David Means

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David Means
Means speaking in New York, 2013
Means speaking in New York, 2013

David Means (born October 17, 1961) [1] is an American short story writer and novelist based in Nyack, New York. His stories have appeared in many publications, including Esquire, The New Yorker, and Harper's. They are frequently set in the Midwest or the Rust Belt, or along the Hudson River in New York.


Born in Kalamazoo, Michigan, Means graduated from Loy Norrix High School in 1980.[2] He received his bachelor's degree in 1984 from the College of Wooster, where his I.S. was "Bullfighting in Boston and other Poems".[3] He went to graduate school at Columbia University, where he received an MFA in poetry.[4] He has been a part-time member of the English department at Vassar College since 2001. Means is married with two children.[2]


Contemporary Authors writes: "With Means's second collection, Assorted Fire Events: Stories, he was compared favorably to such esteemed writers as Raymond Carver and Alice Munro and praised by critics for his sharp prose." [5] James Wood, in The London Review of Books notes that "Means' language offers an exquisitely precise and sensuous register of an often crazy American reality. Sentences gleaming with lustre are sewn through the stories. One will go a long way with a writer possessed of such skill. You can hear the influence of Flannery O'Connor in Means' prose: in the scintillating shiver of the beautiful imagery, in the lack of sentimentality, in the interest in grotesque violence, and gothic tricksterism." Eileen Battersby in The Irish Times has compared Means' work to that of Eudora Welty and John Cheever.[6]

His first novel is Hystopia.[7] It was long listed for the Man Booker Prize in 2016.


Means with Karl Greenfeld, 2013.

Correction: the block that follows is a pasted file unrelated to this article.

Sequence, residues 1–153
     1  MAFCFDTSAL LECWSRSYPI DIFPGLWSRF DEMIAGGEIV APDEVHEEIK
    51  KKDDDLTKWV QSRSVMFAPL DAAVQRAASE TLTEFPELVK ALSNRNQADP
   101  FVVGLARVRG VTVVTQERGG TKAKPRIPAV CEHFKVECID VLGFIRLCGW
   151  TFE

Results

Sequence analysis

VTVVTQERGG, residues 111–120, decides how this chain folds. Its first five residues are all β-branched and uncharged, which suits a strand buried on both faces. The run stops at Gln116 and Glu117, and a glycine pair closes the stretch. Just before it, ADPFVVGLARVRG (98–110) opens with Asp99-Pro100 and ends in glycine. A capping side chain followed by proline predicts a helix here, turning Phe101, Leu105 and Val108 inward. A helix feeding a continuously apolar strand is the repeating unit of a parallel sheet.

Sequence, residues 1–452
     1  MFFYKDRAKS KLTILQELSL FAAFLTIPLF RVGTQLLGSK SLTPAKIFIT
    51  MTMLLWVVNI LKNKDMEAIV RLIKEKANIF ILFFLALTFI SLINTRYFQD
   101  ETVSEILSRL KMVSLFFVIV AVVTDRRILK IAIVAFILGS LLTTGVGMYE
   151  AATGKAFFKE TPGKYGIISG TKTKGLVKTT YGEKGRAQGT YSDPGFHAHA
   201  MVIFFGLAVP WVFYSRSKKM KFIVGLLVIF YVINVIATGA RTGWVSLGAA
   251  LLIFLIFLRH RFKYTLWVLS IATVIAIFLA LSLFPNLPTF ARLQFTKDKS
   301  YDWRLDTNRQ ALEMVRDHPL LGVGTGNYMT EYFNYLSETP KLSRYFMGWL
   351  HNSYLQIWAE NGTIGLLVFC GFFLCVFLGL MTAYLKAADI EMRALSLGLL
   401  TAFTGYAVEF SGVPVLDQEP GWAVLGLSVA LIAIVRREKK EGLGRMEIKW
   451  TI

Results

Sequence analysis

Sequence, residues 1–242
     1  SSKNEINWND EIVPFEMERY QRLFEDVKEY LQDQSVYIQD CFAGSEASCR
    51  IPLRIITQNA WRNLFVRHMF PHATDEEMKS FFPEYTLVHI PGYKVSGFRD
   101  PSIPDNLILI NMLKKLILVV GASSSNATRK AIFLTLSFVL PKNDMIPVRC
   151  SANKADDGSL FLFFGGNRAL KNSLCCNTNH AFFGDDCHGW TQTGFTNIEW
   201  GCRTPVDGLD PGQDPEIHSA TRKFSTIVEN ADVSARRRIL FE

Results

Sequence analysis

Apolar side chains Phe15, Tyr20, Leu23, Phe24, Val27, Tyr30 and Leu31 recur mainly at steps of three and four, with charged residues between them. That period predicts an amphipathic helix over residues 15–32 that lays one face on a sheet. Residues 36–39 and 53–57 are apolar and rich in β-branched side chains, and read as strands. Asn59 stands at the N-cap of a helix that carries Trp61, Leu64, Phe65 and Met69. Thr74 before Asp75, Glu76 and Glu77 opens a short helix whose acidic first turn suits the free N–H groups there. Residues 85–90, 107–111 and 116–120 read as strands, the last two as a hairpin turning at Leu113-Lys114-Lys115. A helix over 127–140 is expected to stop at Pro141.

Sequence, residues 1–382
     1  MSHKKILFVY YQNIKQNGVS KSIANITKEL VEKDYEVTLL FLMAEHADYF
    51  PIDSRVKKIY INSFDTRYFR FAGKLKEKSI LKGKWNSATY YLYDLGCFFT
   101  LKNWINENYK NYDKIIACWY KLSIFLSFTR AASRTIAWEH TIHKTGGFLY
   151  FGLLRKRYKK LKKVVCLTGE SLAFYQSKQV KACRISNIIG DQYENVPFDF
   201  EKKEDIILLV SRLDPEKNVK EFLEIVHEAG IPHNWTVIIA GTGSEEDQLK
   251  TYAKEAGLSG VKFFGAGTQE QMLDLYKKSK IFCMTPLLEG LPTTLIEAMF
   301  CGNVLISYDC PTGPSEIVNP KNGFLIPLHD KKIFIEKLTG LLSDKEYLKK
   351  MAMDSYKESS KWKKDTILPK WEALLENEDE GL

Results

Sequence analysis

• Hystopia (2016) ISBN 978-0865479135

Short fiction[edit]

Title Year First published Reprinted/collected Notes
The knocking 2010 Means, David (March 15, 2010). "The knocking". The New Yorker. 86 (4): 64–67. Cite has empty unknown parameter: |1= (help)
Two ruminations on a homeless brother 2017 Means, David (May 1, 2017). "Two ruminations on a homeless brother". The New Yorker (11): 56–59. Cite has empty unknown parameter: |1= (help)
Two Nurses, Smoking 2020 Means, David (June 1, 2020). "Two Nurses, Smoking". The New Yorker. Cite has empty unknown parameter: |1= (help) Published online May 25, 2020
  • "Stories I Used to Write," The Paris Review, No. 137, Winter 1995
  • "Disclaimer," The Paris Review, No. 143, Summer 1997
  • "Elective Mute," Esquire, February 2007
  • "Wait for Walk," Abitare (Italy), May, 2008
  • "Tree Line, Kansas," The New Yorker, October 25, 2010
  • "The Butler's Lament," Zoetrope, Spring 2011
  • "El Morro," The New Yorker, August 29, 2011
  • "The Chair," The Paris Review, No. 200, Spring 2012
  • "Farewell, My Brother," Zoetrope, Fall 2012
  • Fakes: An Anthology of Pseudo-Interviews, Faux-Lectures, Quasi-Letters, "Found" Texts, and Other Fraudulent Artifacts, edited by David Shields and Matthew Vollmer, W. W. Norton, 2012



  1. ^ "Assorted fire events : stories". Library of Congress. Archived from the original on December 13, 2012. Retrieved July 22, 2011.
  2. ^ a b c Michael Chevy, Castranova (August 8, 2010). "David Means explores stories of 'victims': Former Kalamazoo writer seeks a darker perspective". The Kalamazoo Gazette. Retrieved July 22, 2011.
  3. ^ "I.S. Database". College of Wooster. Archived from the original on July 22, 2011. Retrieved July 22, 2011.
  4. ^ "David Means Makes It Work". Powell's Books. October 10, 2006. Retrieved July 22, 2011.
  5. ^ Contemporary Authors Online, Gale, 2007. Reproduced in Biography Resource Center. Farmington Hills, Mich.: Thomson Gale. 2007. http://galenet.galegroup.com/servlet/BioRC
  6. ^ "Oct. 6 WSUI Reading Features Short Story Writer David Means". University News Service. University of Iowa. September 22, 2004. Retrieved July 22, 2011.
  7. ^ "War Is Hell: PW Talks with David Means". PublishersWeekly.com.
  8. ^ Short stories unless otherwise noted.
  9. ^ "2000 Los Angeles Times Book Prize Winners". The Los Angeles Times. Archived from the original on July 4, 2011. Retrieved July 22, 2011.
  10. ^ "All Past National Book Critics Circle Award Winners and Finalists - Page 2". National Book Critics Circle. Archived from the original on February 23, 2018. Retrieved July 22, 2011.
  11. ^ "The O. Henry Prize Stories 2006". Random House. Retrieved July 22, 2011.
  12. ^ Crown, Sarah (September 26, 2005). "Inaugural short story award goes to debut author". The Guardian. Retrieved July 22, 2011.
  13. ^ "The O. Henry Prize Stories 2011". The PEN/O. Henry Prize Stories. Anchor Books. Retrieved July 22, 2011.

External links[edit]